The reasoning behind most of these decisions is that although fraud is not an element of the action, the action is nonetheless based on fraud. For example, a complaint under the 1933 Act need not prove fraud to prevail, but the allegations in the complaint often accuse the defendant of knowingly, wilfully, or intentionally misrepresenting information. This type of action is “grounded in fraud” and Rule 9(b) applies for the same reason it applies in typical “averments of fraud.” 12 Federal Rule 9(b), like its Indiana counterpart, serves the objectives of deterring groundless suits and providing defendants with sufficient information in the complaint to enable them to prepare a defense. See generally 5 Charles Alan Wright & Arthur R. Miller, Federal Practice and Procedure § 1296 (2d ed. 1990). Accordingly, in securities fraud cases, the plaintiff must plead the circumstances of fraud, what is false or misleading about a statement, and that the statement was false or misleading at the time it was made. In re Stac, 89 F.3d at 1404. But where the claim is based on negligence or innocent misrepresentations of fact, Rule 9(b) does not apply. Id. at 1405 n. 3; Shaw, 82 F.3d at 1222-23 (complaint which asserted that defendants possessed information they did not disclose did not aver fraud and Rule 9(b) did not apply); Shapiro, 964 F.2d at 288 (court does not decide whether Rule 9(b) applies to negligence violations). Cf. Sears v. Likens, 912 F.2d 889, 892-93 (7th Cir.1990) (holding that Rule 9(b) applies to § 12(2) without distinguishing between negligent or fraudulent based claims).
The State did not meet the requirements of Rule 9(B) in its complaint in this case. The complaint alleged that McKinney made representations described in the complaint and alleged in conclusory terms that they were “false and misleading and constitute deceptive acts and incurable deceptive acts.” By alleging the acts to be incurable, the State alleged intent and asserted a basis for civil penalties. Accordingly, Rule 9(B) applied. Perhaps the State could have alleged as a separate claim a right to injunctive relief based on a lesser mental state, but it did not do so. Rather, the complaint did not distinguish between the allegations of “deceptive acts” and “incurable deceptive acts.” As a result, the entire complaint must be judged by Rule 9(B) standards. Cf. In re Stac, 89 F.3d at 1405 n. 2 (complaint alleging §§ 11, 12, and 10(b) violations of the 1933 and 1934 Acts specifically disclaimed fraud with respect to § 11, but Rule 9(b) applied to all claims because the “gravamen of the complaint was plainly fraud and no effort was made to show any other basis”).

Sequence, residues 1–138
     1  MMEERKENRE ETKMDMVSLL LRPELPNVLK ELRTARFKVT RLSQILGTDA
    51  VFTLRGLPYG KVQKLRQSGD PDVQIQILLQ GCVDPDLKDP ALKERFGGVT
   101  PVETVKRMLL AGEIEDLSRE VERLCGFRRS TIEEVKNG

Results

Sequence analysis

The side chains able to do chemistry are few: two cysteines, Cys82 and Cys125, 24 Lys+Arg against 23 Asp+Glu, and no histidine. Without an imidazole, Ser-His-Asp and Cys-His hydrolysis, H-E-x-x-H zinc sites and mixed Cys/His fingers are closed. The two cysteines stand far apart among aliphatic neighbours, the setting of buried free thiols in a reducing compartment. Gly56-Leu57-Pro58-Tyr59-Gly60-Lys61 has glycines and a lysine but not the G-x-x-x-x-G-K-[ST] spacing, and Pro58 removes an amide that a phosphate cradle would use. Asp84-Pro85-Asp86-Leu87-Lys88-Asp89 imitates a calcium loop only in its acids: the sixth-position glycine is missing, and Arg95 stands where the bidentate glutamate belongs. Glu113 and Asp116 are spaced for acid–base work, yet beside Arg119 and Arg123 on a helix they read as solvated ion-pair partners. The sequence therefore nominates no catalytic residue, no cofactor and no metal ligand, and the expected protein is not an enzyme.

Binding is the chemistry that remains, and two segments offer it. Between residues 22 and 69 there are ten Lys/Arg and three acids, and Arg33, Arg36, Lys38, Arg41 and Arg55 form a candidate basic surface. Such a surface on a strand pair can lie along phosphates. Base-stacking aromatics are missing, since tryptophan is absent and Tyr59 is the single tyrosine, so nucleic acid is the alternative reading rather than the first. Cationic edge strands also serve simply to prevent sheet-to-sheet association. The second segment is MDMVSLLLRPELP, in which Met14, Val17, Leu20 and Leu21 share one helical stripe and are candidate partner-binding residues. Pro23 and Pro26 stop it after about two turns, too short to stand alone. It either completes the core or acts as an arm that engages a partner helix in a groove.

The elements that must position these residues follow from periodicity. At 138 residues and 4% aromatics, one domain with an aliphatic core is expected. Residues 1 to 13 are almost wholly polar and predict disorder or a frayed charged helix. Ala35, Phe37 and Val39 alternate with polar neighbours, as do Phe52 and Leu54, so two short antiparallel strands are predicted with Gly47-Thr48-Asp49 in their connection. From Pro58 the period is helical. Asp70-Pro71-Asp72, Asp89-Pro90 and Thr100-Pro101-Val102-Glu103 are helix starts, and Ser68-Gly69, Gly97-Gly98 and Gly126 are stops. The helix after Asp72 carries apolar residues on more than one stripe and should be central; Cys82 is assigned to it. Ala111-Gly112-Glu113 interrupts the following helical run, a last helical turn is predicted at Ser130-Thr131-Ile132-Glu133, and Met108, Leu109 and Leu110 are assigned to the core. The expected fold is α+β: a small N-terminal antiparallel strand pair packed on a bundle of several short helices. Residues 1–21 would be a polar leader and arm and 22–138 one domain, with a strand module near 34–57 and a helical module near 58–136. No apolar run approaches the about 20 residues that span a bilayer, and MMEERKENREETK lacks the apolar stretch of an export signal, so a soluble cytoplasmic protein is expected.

Under the standards of Rule 9(B), at least major portions of the complaint are deficient. Affidavits attached to and incorporated in the complaint supply some of the required information, but not all. Treating the complaint and affidavits as one document, they do not state with specificity what the representations were, who made them,13 or when or where they were made. Most importantly, in most cases they do not plead what the statements were that were false, and in what respect they were false. In many instances they amount to an assertion that McKinney made promises-sometimes in the form of warranties and guarantees-and then failed to perform.14 Although these allegations may support a breach of contract claim, without more flesh these bare bones do not state claims under the Act. A broken promise is not ipso facto a false representation. Cf. Anderson v. Indianapolis Ind. Aamco Dealers Adver. Pool, 678 N.E.2d 832, 837 (Ind.Ct.App.1997) (actual fraud may not be based on representations of future conduct, on broken promises, or on representations of existing intent that are not executed), trans. denied. A promise can be made without knowledge or reason to believe that it will be broken, but a statement that is false for purposes of the Act must be false when made. The State's complaint also contains some allegations that suggest misrepresentations of then currently existing state of affairs, but these are quite general.15 Even unfulfilled promises can also support allegations of misrepresentation or misdescription of the product if the facts at the time support the conclusion that fulfillment of the promise was problematic. Cf. R.R.S. II Enterprises, Inc. v. Regency Assocs., 646 N.E.2d 56, 59 (Ind.Ct.App.1995) (representation that shopping mall would have double lane traffic access was misrepresentation of existing fact, where it was known at time that double lane was impossible and a construction plan for single lane had been approved). These allegations may very well be expandable to assert claims under the statute, but are not pleaded with sufficient particularity to be evaluated, and do not pass Trial Rule 9(B) muster.